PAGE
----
As with every new rule, the EPA is now open to comments on its rule for limiting carbon pollution from from new coal plants. Tell EPA that this rule is a good, cost-free way to start the process of cleaning up greenhouse gas pollution.

TOPICS: Coal, Politics, Pollution

  • It’s the RIGHT THING to do.

  • Robert Biro

    Greenhouse Gas Pollution includes methane and nitrous oxide from Agriculture. These gases can be more easily be eliminated also at no cost to the taxpayer.

  • julie pearson

    spread the word!

  • You are right. It’s past time for political games to keep our children’s health at risk.

  • lynnette anderson

    please stop carbon pollution from new coal plants. thanks

  • Frieda A. Stahl

    Science is not politics. The EPA must follow the development of scientific knowledge pertaining to the environment — air, water, temperature, contaminants, and many other factors that affect our life and health. None of these factors are political matters — survival is a must, not a “choice.” The EPA must rise past politics and meet its responsibilities. Politicians agitating against “regulations” are most likely to need them, for the safety of the public — or they wouldn’t be conniving against them. Therefore limiting carbon-based pollution from new coal plants — if there must be new coal plants! — is an absolute must. Upgrading existing coal plants is even more urgent. EPA must not yield to the whiners denying that need.

  • Hooray for Dominique! And hooray for reminding us that as mothers, we have the power to foster change in a big way!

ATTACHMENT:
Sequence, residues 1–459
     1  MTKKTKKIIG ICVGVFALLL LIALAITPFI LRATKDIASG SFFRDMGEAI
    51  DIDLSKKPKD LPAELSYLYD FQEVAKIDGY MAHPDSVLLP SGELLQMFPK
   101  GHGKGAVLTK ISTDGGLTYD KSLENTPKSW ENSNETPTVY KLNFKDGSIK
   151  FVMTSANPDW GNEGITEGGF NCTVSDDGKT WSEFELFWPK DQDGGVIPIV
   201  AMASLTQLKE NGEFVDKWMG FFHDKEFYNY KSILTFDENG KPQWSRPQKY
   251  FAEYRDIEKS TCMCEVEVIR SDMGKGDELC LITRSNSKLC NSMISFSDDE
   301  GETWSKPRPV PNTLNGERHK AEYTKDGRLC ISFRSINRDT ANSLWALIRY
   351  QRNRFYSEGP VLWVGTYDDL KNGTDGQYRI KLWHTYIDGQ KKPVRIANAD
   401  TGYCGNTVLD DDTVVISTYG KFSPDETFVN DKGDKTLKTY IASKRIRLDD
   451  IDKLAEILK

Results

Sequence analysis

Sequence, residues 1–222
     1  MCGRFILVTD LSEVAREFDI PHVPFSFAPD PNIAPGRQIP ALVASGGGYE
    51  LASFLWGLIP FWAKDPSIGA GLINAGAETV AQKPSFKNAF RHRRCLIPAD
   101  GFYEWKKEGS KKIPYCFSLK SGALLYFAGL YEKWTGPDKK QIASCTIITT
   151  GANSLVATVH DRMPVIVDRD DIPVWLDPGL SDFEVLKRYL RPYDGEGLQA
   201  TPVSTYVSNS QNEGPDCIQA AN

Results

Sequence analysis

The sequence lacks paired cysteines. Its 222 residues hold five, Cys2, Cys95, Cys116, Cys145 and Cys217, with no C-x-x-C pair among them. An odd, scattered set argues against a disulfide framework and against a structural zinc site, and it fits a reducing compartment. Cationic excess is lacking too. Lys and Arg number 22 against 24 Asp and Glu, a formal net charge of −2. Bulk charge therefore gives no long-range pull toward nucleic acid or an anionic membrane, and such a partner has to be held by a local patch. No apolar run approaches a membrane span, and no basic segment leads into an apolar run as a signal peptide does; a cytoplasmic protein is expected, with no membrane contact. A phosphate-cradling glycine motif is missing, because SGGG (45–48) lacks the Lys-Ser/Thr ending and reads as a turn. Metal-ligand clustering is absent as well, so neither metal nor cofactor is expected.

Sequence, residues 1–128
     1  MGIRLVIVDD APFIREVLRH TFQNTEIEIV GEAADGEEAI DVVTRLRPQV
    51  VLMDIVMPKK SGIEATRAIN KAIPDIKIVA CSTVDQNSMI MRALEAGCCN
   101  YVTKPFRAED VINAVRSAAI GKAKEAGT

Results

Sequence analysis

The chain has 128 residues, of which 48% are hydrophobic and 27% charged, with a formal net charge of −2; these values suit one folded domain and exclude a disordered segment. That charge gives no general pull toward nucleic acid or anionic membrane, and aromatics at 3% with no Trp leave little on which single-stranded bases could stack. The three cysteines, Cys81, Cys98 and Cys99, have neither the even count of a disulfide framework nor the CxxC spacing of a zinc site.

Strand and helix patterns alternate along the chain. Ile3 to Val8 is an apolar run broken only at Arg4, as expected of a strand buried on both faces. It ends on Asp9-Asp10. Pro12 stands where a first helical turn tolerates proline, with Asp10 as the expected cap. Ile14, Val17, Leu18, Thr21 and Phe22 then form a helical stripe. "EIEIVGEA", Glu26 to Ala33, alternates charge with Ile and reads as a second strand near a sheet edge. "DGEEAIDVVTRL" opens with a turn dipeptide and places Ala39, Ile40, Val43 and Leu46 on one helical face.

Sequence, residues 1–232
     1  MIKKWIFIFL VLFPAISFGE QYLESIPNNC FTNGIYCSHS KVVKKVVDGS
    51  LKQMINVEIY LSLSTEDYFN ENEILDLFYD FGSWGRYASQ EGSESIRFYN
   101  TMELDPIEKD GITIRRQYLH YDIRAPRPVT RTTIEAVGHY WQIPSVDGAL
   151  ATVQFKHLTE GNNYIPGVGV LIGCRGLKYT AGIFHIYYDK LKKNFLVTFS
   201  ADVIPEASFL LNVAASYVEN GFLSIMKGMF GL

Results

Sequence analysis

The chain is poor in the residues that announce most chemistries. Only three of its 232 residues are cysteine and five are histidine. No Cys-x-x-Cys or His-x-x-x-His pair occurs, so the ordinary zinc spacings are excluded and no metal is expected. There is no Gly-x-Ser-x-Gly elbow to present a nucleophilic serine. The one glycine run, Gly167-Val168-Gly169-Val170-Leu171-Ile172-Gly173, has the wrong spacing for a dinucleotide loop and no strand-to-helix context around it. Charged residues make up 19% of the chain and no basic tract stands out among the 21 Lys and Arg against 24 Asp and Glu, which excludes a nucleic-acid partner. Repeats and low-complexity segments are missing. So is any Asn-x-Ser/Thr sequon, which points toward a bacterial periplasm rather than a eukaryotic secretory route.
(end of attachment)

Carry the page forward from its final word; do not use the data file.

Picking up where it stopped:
I have waited for a platform to call mine, and this is it! It charges me up thinking that I can be part of the change that is necessary for the health of my children, grandchildren and future generations. We are all one big family living in the home we call Earth, and we all should unite to clean house and hold those that are not doing their part, accountable!

  • MrMartinJSallberg

    Why do some brain damaged patients recover while others with the same brain damage do not? Metastudies by Kurt Fischer, Christina Hinton et al. shows that the key is tolerant environments. This agrees with Francisco Lacerda’s theory that the reason why children learn language easily is because they do not fear being wrong, just like non-prejudiced scientists. The fact that the tolerant environment factor works even way past the end of all supposed “learning windows” also shows that there is no such thing as an immutable “shame instinct” either. There is evidence, especially from domestication research, showing that evolution can very rapidly select on individual variation and turn it into group differences. Thus there is a contradiction between nature explanations of individual psychiatry and nurture explanations of ethnic differences. There must be some missing methodological factor. Since racist discrimination is a form of intolerance often associated with other forms of intolerance, studies of ethnic differences effectively takes the tolerant environment factor into account, explaining why nurture explanations prevailed in studies of ethnic differences. But studies of individual psychiatry have, at least before Kurt Fischer’s and Christina Hinton’s metastudy, not taken the tolerant environment factor into account, explaining why nature explanations prevailed there. It is well-established that there was/is anomalies from the nature model of individual psychiatry, but people ignorant of the metastudy lumps everything into one statistic and dismiss the minority of cases as “anecdotical”. Real science is about finding the pattern behind the anomalies to de-anecdotize them, just like Kurt Fischer and Christina Hinton did. And considering how stupid behavior is destroying the world (just look at pollution and deforestation!), this research about possibilities to change behavior to a rational form is invaluable. The fact that the plasticity only applies if the environment is tolerant means that there is no reason to fear that dictators will abuse the plasticity whatsoever.